• Spike TV segments: The Force Unleashed (2008)
  • Manifest Destiny (2012, documentary)
  • Forceclash (2012)
  • Rebels Recon (2014–2018, documentary)
  • Star Wars Celebration streams (2015–present)
  • Science and Star Wars (2017, documentary)
  • Disney Gallery: Star Wars: The Mandalorian (2020, documentary)

Television films and specials


Other productions

  • Filmmaker (1968, documentary short) (directed by George Lucas) (nominal credit)
  • Return of the Ewok (1982, short)
  • The Adventures of Andre & Wally B. (1984, animation short)
  • Captain EO Promo & Pre-show (1986, short)
  • Wow! (1990, short)
  • Rush Rush (1991, music video by Paula Abdul)
  • Star Wars: Starfighter, the Making of the Game (2001, documentary short)
  • The Beginning: Making 'Episode I' (2001, documentary for The Phantome Menace DVD edition)
  • Films Are Not Released, They Escape (2002, documentary for Attack of the Clones DVD edition)
  • From Puppets to Pixels: Digital Characters in 'Episode II' (2002, documentary for Attack of the Clones DVD edition)
  • State of the Art: The Pre-Visualization of 'Episode II' (2002, documentary for Attack of the Clones DVD edition)
  • Empire of Dreams: The Story of the 'Star Wars' Trilogy (2004, documentary for Original Trilogy DVD edition) (produced in association with 20th Century Fox Television)
  • The Birth of the Lightsaber (2004, documentary short for Original Trilogy DVD edition)
  • The Characters of 'Star Wars' (2004, documentary short for Original Trilogy DVD edition)
  • The Force Is with Them: The Legacy of 'Star Wars' (2004, documentary short for Original Trilogy DVD edition)
  • Making the Game: 'Star Wars: Episode III – Revenge of the Sith' (2004, documentary short for Original Trilogy DVD edition)
  • The Story of Star Wars (2004, documentary for Original Trilogy DVD edition)
  • Star Wars Episode III: Becoming Obi-Wan (2005, documentary for Revenge of the Sith DVD edition)
  • Clone Wars: Bridging the Saga (2005, documentary for Clone Wars: Tom I DVD edition)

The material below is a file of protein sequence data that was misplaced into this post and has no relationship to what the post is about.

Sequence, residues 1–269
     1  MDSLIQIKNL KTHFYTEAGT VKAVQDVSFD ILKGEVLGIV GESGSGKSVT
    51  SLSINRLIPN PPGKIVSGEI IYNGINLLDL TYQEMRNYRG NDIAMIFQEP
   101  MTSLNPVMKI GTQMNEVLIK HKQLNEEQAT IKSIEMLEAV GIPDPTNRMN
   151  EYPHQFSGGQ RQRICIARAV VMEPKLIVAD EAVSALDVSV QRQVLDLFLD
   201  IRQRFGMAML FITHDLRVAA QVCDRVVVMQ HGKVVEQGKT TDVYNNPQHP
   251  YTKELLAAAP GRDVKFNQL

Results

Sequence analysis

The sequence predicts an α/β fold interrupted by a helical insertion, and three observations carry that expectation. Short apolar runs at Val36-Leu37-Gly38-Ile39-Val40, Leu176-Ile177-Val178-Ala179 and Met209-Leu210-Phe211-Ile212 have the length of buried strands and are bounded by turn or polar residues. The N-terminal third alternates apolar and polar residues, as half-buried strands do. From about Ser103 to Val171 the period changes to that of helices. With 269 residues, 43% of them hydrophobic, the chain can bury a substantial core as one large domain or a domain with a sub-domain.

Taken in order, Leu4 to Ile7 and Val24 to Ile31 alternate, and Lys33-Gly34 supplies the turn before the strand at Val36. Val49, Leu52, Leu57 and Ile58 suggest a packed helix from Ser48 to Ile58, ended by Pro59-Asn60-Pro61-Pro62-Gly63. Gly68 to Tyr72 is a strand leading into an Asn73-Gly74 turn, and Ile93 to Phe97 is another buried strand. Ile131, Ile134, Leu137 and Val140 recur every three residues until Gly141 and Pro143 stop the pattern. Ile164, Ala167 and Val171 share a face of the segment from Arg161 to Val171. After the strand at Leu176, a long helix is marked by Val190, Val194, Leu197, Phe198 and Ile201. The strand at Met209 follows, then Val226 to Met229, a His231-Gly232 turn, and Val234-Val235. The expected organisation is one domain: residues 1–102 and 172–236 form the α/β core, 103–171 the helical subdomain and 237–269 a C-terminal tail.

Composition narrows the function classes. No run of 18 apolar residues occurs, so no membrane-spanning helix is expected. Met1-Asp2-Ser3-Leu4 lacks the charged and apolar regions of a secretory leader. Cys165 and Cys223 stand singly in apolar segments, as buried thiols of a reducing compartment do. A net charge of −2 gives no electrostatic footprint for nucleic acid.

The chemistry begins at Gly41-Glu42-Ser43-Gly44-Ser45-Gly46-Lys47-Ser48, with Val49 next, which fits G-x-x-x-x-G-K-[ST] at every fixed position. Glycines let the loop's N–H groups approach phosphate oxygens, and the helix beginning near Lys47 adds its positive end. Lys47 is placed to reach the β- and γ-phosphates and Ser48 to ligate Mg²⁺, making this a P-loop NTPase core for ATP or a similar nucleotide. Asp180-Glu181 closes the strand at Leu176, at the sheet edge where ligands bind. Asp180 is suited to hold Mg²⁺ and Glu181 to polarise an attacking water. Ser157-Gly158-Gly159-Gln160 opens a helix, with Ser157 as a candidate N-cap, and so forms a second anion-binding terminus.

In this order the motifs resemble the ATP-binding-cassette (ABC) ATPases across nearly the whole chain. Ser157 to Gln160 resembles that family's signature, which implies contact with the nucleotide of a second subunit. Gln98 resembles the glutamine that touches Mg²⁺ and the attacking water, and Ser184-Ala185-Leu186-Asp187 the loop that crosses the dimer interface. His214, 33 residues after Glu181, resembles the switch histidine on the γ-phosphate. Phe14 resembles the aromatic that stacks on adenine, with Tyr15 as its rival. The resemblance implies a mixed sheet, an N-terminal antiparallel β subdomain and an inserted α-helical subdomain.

• Star Wars Episode III: Seduction Spot (2005, short)
  • Star Wars: A Musical Journey (2005, musical anthology for Revenge of the Sith DVD edition)
  • Within a Minute: The Making of 'Episode III' (2005, documentary for Revenge of the Sith DVD edition)
  • The Chosen One (2005, documentary short for Revenge of the Sith DVD edition)
  • It's All for Real: The Stunts of Episode III (2005, documentary short for Revenge of the Sith DVD edition)
  • Star Wars Heroes & Villains (2005, documentary for Revenge of the Sith DVD edition)
  • Clone Wars: Connecting the Dots (2005, documentary for Clone Wars: Tom II DVD edition)
  • The Fan Film (2007, short) (Distributor)
  • Star Wars: Star Warriors (2007, documentary) (Distributor)
  • A New Chapter: The Story of 'The Force Unleashed' (2008, documentary)
  • Unleashing the Tech: The Power Behind the Force (2008, documentary short)
  • A Force Wrecking Ball, Part 2: The Characters of 'The Force Unleashed' (2008, documentary short)
  • The TFU Experience: Unleashing the Force on Your Favorite Console (2008, documentary short)
  • Unleashing the Force, Part 1: The New Beginning (2008, documentary short) (Also distributor)
  • Warrior Make-up (2008, documentary short for The Kingdom of the Crystal Skull DVD edition)
  • Lego Star Wars: The Padawan Menace (2011, short)
  • Star Wars: The Complete Saga (2011, Blu-ray edition)
  • Star Wars: Deleted Scenes (in first six episodes) (2011, Blu-Ray bonus)
  • Lego Star Wars: The Empire Strikes Out (2012, short)
  • On Set with 'Raiders of the Lost Ark' (2012, documentary for Indiana Jones films Blu-Ray edition)
  • Kathleen Kennedy 2013 Pioneer of the Year Award Tribute Reel (2013, documentary short)
  • Clash at the Cantina (2014, short)
  • Star Wars: Episode VII – Toys (2015, short)
  • Star Wars: Path of the Jedi (2015, short)
  • Star Wars: Launch Bay – Meet the Makers (2015, documentary short)
  • RiffTrax: Star Wars: The Force Awakens (2016)
  • Rogue One: Recon – A Star Wars 360 Experience (2016, short)
  • The Director and the Jedi (2018, documentary)
  • RiffTrax: Star Wars: The Last Jedi (2018)
  • Reflections (2018, short)
  • Star Wars: Squadrons – Hunted (2020, short)


Year Title Movies TV Seasons
1973–1979 American Graffiti 2 0
1977–present Star Wars 12 19
1981–present Indiana Jones 4 3


  1. ^ The Star Wars Corporation's name may still be seen on certain Star Wars-related items, such as the end credits copyright notice of the film, and in reprints of Star Wars: From the Adventures of Luke Skywalker and Splinter of the Mind's Eye as the copyrights have not expired or have been renewed.
  2. ^ a b c d e Originally distributed by 20th Century Fox, which is now part of Walt Disney Studios.[91]


  1. ^ Cohen, David (June 5, 2014). "Industrial Light & Magic President Brennan Promoted to General Manager of Lucasfilm Exec". The Hollywood Reporter. Retrieved June 7, 2014.
  2. ^ Lev-Ram, Michal (September 10, 2015). "How Star Wars producer Kathleen Kennedy went from secretary to boss". Fortune. Time. Retrieved December 30, 2015.
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External links